By way of illustration, exhaust gas temperatures produced by a representative modern, high speed, turbocharged light-duty diesel engine, as a function of engine load (torque) and speed, is graphically presented in FIG. 2. Note that over the operating range of the engine, exhaust gas temperatures vary from less than 200° C. to just over 600° C., and range of more than 400° C.
Various aftertreatment devices have specific temperature requirements for best emissions reduction efficiency.
By combining the exhaust gas temperature map of the light-duty high-speed diesel engine presented in
A better match of LNT to engine can be achieved if the LNT is placed downstream from the exhaust valve of the engine at a distance at which exhaust gases have a temperature, upon delivery to the LNT, sufficient to maintain the conversion efficiency of the LNT at a value of at least 90 percent when the engine is operating within the high load operating regime. For example, in the illustrative embodiment described herein, the result of placing the LNT downstream of the engine, at a distance sufficient to allow a 100° C. reduction in exhaust gas temperatures, shifts the entire efficiency map to higher efficiencies at higher loads, as illustrated in FIG. 5. The shaded area represents the engine operating regime in which 90% or better LNT conversion efficiency is achieved. The area of the map below the shaded area represents the engine operating regime in which the conversion efficiency of the LNT is less than 90% due to low exhaust gas temperature, and the area above the shaded area of map represents the engine operating regime in which the conversion efficiency of the LNT is less than 90% due to high exhaust gas temperature. As illustrated in
In a preferred embodiment of the present invention, exhaust gas temperature control in the diesel engine 10, shown schematically in
Use of VVA to reduce engine airflow is desirable because the “throttling” effect is created by the intake or exhaust valve. Throttling losses across the intake and exhaust valves are always present and are often used to create bulk flow or turbulence necessary for improved combustion. Hence, control of airflow by VVA only minimally increases throttling losses, when compared to other methods of airflow control that require secondary or additional throttles. Importantly, the timing of the exhaust valve opening controls the temperature at which exhaust gas enters the exhaust system and is subsequently delivered to the exhaust gas aftertreatment device. During the expansion stroke of the engine, work is extracted from the in-cylinder gas by motion of the piston. The exhaust valve opening event allows energy previously available to the piston to be transported to the exhaust system in the form of thermal energy carried by the exhaust gas mass flow. Thus, by varying the opening timing of the intake valve 16 and the exhaust valve 20, the energy made available to the exhaust system can be varied.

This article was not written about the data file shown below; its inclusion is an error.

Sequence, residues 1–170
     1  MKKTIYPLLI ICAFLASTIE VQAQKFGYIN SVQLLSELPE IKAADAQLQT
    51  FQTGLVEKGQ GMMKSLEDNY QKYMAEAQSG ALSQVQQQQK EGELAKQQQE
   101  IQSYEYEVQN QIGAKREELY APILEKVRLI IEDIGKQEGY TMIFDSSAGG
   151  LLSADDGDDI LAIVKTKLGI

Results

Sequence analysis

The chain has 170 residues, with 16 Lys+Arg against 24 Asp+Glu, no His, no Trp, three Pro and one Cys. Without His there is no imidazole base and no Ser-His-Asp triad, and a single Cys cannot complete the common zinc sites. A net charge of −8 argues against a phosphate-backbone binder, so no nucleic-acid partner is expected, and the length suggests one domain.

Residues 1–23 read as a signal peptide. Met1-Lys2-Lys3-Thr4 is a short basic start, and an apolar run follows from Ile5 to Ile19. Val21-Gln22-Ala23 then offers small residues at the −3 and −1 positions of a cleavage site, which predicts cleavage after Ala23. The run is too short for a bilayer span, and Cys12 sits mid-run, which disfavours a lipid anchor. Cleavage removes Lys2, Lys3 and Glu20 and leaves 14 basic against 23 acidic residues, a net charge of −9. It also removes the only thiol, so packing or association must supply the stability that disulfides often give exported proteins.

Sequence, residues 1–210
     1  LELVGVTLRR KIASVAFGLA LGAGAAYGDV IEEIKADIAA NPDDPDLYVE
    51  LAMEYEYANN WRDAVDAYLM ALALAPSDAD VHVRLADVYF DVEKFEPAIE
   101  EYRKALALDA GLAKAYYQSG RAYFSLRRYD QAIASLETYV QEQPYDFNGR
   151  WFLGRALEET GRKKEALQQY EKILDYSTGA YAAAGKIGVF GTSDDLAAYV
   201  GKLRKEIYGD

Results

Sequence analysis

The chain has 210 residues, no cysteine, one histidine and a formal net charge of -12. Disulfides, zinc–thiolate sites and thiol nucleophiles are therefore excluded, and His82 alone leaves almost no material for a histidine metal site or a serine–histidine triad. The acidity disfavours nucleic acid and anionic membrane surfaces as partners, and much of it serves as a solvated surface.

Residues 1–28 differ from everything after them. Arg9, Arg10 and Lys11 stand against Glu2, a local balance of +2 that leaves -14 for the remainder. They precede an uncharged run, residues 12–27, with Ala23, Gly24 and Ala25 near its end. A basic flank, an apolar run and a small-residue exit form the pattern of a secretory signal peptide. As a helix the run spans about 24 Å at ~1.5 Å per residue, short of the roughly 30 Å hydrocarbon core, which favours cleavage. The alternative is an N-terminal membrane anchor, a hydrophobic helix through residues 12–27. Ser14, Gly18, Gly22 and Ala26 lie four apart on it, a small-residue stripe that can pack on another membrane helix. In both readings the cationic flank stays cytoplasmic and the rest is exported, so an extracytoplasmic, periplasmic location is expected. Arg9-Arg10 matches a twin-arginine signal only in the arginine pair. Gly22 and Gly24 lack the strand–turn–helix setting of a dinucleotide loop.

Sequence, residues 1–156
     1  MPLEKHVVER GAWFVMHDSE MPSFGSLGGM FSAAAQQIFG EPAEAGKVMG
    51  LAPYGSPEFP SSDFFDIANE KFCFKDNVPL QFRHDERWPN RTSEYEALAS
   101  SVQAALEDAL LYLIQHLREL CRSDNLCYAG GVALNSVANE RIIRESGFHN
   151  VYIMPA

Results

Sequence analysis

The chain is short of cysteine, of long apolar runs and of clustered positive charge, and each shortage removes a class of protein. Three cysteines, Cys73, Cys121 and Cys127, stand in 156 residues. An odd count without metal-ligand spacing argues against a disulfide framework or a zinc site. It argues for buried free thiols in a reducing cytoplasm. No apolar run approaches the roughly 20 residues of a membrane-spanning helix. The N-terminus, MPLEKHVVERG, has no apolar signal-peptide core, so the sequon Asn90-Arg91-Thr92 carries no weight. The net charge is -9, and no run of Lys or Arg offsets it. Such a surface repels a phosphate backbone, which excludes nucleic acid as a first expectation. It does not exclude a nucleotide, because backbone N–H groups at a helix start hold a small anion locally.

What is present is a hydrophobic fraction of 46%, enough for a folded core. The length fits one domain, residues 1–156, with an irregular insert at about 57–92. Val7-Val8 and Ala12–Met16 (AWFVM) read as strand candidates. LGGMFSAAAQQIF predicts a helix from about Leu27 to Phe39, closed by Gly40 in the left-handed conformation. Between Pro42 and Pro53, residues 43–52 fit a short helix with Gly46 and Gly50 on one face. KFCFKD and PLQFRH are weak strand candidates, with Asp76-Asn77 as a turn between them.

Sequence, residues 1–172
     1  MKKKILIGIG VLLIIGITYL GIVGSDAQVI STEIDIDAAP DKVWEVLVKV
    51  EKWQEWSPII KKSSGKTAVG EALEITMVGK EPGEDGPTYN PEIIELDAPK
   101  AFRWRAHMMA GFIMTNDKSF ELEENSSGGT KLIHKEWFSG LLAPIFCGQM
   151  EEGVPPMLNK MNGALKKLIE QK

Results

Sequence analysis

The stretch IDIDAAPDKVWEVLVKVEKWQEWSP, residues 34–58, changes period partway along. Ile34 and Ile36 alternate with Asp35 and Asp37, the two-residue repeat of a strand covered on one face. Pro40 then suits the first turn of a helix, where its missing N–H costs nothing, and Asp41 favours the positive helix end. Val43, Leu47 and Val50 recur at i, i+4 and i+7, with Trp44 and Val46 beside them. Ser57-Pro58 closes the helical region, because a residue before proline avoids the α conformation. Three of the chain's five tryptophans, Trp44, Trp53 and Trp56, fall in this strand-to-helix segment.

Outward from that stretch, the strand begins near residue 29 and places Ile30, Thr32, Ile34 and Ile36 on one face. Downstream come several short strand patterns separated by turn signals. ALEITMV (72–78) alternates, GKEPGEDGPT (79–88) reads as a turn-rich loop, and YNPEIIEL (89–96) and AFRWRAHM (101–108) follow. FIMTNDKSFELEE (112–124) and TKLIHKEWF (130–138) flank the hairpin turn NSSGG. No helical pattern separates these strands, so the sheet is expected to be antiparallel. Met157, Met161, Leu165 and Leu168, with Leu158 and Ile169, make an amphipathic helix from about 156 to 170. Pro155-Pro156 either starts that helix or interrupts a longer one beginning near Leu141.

In a similar manner, the ECU 36 controls fuel injection timing and duration by the control signal 44 electrically connected with the fuel injector 26. Variation in fuel injection timing also provides in-cylinder control of the time of combustion during the engine cycle and may advantageously be used in combination with variable valve actuation to provide an optimal feedgas temperature for use by an emissions aftertreatment device in diesel engine applications.
In another embodiment of the present invention, variable valve actuation is combined with individual cylinder cutout to provide an extended range of temperature control and regulate the space velocity of exhaust gas passing through the aftertreatment device 22 by controlling the mass flow rate of air passing through the engine 10. Control of mass flow rate, as sensed by the mass airflow sensor 32 and delivered to the engine control unit 36 by signal 24, allows optimal space velocities to be produced for efficient operation of emissions aftertreatment devices. Heretofore, most applications of individual cylinder cutout have been implemented on throttled, spark ignition engines. On throttled spark ignition engines, most of the advantages realized through cylinder cutout are due to the ability of such engines to run unthrottled when sufficient cylinders are disabled and the remaining cylinders ran at higher specific loads to maintain overall engine power.